[i] Jairo Chimento, M. Jason Highsmith, Nathan Crane, (2011) “3D printed tooling for thermoforming of medical devices”, Rapid Prototyping Journal, Vol. 17 Issue: 5, pp.387-392
[ii] Development and validation of a 3D-printed interfacial stress sensor for prosthetic applications. Laszczak, P. et al. Medical Engineering and Physics, Volume 37, Issue 1, 132 – 137.
About the Guest Author:
Becky Wilson writes about the applications of additive manufacturing and 3D printing, highlighting the heart in the tech. Known as Writing by Becky, she lives in Nova Scotia with her family, including two cat overlords, along with various tech gadgets – maybe adding a 3D food printer someday. You can connect with Becky on Twitter (@WritingByBecky).
Our 3D Innovations team is always on the lookout for individuals with exceptional writing skills and an interest in hardware startups, 3D printing and/or product design. If this sounds like you, we would love to have you as a guest contributor for our blog!
Send us an e-mail, firstname.lastname@example.org, with the following information:
After we receive your e-mail, we will be in touch to narrow down a blog post topic with you, discuss the length of your piece and schedule a posting date. If you have a blog topic idea that does not fit in the hardware startups, 3D printing or product design categories, but in a similar category, we would be open to discussing this with you to get clarification and check that it would be a good fit for our audience.
We are a Product Development company located in Honolulu, Hawaii. 3D Innovations provides Product Development services assisting companies with all stages of development. Our suite of services includes product design/engineering, prototyping, 3D Printing, additive manufacturing, supply chain management, packaging design, and production manufacturing sourcing. Using our experience in Design For Manufacturing processes, we are able to develop custom solutions for clients that accelerate their commercialization activities.
We support various Commercial and Government industries that include Industrial, Military, Construction, Medical, Manufacturing, Automotive, R&D, Inventors, and many more. We provide 3D Printing and Rapid Prototyping services to quickly validate designs and make improvements for production manufacturing. Experience the benefits of 3D Design and see how 3D Innovations can develop innovative solutions to engineer, design, and manufacture your product.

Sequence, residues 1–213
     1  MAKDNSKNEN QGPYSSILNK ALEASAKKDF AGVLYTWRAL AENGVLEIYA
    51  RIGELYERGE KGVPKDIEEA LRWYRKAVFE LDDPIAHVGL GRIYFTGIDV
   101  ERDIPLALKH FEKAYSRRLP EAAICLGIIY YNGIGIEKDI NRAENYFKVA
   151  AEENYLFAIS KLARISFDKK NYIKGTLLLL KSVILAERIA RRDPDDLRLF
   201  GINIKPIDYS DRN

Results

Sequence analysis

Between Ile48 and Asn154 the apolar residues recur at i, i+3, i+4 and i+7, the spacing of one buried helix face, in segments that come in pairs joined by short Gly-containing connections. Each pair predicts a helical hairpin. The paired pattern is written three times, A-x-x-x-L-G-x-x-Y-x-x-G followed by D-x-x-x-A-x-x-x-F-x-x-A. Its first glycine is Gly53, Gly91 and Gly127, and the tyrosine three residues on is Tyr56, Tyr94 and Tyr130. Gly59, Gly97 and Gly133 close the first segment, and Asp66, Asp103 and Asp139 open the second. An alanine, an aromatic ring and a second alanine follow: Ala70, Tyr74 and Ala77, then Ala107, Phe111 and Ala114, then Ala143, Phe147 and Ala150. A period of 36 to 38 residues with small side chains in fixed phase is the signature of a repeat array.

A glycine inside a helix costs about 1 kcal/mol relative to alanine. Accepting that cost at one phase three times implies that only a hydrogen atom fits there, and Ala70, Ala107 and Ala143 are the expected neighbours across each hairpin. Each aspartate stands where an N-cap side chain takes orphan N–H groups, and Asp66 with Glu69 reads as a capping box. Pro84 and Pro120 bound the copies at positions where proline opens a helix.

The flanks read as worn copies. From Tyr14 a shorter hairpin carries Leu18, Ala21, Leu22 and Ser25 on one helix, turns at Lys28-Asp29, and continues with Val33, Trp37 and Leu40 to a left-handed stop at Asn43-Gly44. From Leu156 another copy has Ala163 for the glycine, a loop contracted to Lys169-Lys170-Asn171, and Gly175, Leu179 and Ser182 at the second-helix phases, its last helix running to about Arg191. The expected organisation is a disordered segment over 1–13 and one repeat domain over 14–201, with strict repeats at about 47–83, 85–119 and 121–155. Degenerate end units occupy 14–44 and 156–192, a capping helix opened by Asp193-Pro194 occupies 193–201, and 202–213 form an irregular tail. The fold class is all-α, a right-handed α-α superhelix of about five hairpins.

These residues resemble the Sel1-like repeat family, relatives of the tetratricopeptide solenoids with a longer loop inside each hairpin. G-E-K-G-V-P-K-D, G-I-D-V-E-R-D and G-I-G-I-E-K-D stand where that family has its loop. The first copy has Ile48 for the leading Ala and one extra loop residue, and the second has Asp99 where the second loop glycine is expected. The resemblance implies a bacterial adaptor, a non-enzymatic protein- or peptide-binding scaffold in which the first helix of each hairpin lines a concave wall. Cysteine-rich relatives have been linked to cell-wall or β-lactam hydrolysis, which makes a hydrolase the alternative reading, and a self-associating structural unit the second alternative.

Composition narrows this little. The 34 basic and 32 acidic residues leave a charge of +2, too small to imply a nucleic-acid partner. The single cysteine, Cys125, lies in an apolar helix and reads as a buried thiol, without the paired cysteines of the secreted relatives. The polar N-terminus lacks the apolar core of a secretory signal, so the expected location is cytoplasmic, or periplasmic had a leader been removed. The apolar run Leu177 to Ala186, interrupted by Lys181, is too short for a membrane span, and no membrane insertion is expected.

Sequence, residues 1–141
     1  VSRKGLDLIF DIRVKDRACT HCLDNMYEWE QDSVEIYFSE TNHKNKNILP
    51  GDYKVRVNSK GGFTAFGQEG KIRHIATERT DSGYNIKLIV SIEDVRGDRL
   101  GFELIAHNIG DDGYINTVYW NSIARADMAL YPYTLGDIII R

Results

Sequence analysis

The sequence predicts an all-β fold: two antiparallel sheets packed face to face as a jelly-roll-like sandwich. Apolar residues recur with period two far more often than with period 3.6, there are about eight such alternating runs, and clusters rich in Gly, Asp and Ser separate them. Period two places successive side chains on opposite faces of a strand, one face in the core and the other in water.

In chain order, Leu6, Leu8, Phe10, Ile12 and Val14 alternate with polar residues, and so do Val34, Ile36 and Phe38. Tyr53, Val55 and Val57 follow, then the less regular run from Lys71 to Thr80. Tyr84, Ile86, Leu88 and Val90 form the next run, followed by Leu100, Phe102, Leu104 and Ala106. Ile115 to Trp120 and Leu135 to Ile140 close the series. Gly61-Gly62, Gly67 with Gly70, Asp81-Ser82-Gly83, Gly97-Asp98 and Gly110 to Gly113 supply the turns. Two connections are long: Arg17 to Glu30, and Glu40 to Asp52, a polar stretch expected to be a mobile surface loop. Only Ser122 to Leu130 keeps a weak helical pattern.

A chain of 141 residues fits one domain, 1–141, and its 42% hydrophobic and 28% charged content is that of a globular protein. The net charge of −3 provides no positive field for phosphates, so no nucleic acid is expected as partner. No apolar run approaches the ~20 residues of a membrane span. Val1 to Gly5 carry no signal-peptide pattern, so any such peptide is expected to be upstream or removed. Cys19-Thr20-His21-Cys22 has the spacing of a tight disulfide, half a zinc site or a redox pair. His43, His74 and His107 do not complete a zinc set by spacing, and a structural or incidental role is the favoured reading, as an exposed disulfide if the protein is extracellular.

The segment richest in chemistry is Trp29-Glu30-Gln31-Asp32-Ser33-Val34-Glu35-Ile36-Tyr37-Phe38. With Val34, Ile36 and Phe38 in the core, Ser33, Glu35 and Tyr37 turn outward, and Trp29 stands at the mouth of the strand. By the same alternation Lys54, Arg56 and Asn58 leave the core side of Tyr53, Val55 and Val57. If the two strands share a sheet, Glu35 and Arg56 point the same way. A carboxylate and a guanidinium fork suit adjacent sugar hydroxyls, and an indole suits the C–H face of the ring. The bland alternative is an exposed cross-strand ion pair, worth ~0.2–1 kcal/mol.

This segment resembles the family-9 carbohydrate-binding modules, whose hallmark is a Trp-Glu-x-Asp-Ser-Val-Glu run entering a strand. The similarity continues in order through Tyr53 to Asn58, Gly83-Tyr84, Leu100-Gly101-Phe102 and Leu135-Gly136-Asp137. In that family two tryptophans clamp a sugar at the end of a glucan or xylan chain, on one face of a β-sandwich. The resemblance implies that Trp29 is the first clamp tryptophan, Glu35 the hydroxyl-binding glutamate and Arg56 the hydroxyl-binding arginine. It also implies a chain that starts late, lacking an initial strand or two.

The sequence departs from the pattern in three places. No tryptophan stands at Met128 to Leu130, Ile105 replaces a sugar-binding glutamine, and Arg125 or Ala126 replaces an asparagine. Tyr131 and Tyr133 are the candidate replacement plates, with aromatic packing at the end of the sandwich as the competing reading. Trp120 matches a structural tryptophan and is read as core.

3D printing, also known as additive manufacturing, is one of the most buzzed about technologies of the past five years. The hype around the technology has certainly diminished since its fever pitch in 2014, in which Forbes published, “3-D Printing Is About To Change The World Forever”—and now the genuine potential of the technology is emerging. Certain industries have taken to the technology quicker than others and have been able to successfully implement it into their supply chain. Below we discuss three areas in which 3D printing technology really shines.
It’s no secret that customers are evolving and their preferences are changing. Where once customers were happy with the “Big Box” store approach, this mentality is starting to shift and customers are looking for more customizable products that meet their specific needs and preferences.
Customization is one of the major benefits of 3D printing. Companies are able to print one-of-a-kind products. One industry that has had great success implementing 3D printing for customization purposes is the designing of prosthetics. Companies and patients have found that they are able to create custom prosthetics at a fraction of the cost with the use of 3D modeling and 3D printing technology.
Like anything, traditional manufacturing has its limitations. Until recently certain designs could not be manufactured simply because they were deemed “not possible” or the expense was too exorbitant to be justifiable. However, 3D printing allows for greater design flexibility.